The Lahore School of Economics hosted its first International Conference on Applied Development Economics on 12-13 September 2018 at the Lahore School’s Burki Campus.
The aim of the conference was to expose researchers and policy makers in Pakistan to on-going research on key issues of relevance to economic development and poverty alleviation in Pakistan and contribute to improving research capabilities of young researchers in the country.
The conference highlighted frontier research that is being conducted in Pakistan with the aim of economic development and poverty alleviation. The first day of the conference started with welcome remarks by Dr Shahid Amjad Chaudhry, rector of Lahore School of Economics.
Professor Imran Rasul, Professor of Economics at the University College London delivered the plenary address.
His talk focused on new research on Bangladesh and Pakistan that aims to broaden the agenda on understanding how to optimally design social protection programs for the poor and whether such programs should entail providing transfers in kind or in cash. He showed that asset transfers reduced engagement in casual wage labour, increased work in capital-intensive sectors as well as labour supply hours.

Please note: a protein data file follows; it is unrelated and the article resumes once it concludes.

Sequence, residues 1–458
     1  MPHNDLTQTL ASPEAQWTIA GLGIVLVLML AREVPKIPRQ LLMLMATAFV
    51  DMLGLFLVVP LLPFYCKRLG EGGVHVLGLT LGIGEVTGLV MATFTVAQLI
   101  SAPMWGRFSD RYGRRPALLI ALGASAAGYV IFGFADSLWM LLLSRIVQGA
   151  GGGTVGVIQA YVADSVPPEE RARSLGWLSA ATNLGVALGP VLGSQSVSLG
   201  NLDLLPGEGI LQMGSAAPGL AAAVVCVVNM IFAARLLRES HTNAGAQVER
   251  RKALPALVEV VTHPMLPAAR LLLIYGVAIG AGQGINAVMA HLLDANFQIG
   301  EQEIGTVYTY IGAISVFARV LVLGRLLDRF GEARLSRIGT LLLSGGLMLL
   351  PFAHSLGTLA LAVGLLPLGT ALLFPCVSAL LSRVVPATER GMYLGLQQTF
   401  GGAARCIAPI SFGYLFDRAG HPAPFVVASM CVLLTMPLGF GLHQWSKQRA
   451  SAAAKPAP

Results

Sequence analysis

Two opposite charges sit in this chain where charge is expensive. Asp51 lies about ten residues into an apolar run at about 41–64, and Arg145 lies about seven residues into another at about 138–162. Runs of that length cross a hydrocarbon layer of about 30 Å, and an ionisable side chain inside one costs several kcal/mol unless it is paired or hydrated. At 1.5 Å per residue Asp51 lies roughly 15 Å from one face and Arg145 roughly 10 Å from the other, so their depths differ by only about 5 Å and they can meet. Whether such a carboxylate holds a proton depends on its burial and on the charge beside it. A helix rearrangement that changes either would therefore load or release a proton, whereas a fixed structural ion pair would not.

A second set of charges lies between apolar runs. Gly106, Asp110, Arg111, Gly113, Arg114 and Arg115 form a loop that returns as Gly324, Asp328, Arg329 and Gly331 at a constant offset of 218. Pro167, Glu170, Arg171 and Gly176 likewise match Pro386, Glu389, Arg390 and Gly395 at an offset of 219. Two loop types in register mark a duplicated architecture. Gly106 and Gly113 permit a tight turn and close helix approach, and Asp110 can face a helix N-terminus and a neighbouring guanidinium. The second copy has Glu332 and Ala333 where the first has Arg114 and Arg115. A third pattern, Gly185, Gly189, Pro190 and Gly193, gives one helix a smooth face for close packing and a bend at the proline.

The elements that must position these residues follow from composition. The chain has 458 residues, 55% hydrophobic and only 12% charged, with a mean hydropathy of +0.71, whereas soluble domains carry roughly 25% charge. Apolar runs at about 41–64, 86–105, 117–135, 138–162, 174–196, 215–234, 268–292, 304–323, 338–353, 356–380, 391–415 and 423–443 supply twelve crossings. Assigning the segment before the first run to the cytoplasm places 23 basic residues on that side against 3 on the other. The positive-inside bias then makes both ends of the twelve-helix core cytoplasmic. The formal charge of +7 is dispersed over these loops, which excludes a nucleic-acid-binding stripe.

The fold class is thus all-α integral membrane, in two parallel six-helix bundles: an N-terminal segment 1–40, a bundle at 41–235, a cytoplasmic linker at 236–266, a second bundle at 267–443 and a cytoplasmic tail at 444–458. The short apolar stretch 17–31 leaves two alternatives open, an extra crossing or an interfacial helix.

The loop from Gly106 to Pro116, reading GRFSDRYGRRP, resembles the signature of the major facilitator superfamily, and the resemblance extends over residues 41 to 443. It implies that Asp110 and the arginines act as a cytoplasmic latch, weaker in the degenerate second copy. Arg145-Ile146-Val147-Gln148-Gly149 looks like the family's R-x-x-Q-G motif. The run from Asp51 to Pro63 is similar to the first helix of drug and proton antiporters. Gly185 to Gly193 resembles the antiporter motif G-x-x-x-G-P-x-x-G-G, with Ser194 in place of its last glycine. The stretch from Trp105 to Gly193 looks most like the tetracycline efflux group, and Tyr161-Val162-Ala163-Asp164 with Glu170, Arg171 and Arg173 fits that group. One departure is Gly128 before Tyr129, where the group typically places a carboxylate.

In the long run, asset transfers increased the likelihood of households to own land. Once poor households graduated from poverty they were able to borrow and lend more, suggesting the birth of a credit market. The rest of the day progressed with sessions on microfinance and enterprise, chaired by Professor Imran Rasul (University College London), political economy, chaired by Dr Azam Chaudhry (Lahore School of Economics) and gender, chaired by Fauzia Viqar (Punjab Commission for the Status of Women; PCSW).